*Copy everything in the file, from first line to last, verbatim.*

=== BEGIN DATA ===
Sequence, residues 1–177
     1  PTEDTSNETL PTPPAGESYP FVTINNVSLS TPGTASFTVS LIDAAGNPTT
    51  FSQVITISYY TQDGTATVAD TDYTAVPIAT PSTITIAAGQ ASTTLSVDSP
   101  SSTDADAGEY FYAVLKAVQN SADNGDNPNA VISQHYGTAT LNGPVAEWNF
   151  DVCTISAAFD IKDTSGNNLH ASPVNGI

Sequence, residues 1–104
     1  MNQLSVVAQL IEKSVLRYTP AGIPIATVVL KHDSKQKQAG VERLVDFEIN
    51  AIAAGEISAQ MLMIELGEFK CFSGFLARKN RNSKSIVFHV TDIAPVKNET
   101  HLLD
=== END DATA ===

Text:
Sequence, residues 1–177
     1  PTEDTSNETL PTPPAGESYP FVTINNVSLS TPGTASFTVS LIDAAGNPTT
    51  FSQVITISYY TQDGTATVAD TDYTAVPIAT PSTITIAAGQ ASTTLSVDSP
   101  SSTDADAGEY FYAVLKAVQN SADNGDNPNA VISQHYGTAT LNGPVAEWNF
   151  DVCTISAAFD IKDTSGNNLH ASPVNGI

Sequence, residues 1–104
     1  MNQLSVVAQL IEKSVLRYTP AGIPIATVVL KHDSKQKQAG VERLVDFEIN
    51  AIAAGEISAQ MLMIELGEFK CFSGFLARKN RNSKSIVFHV TDIAPVKNET
   101  HLLD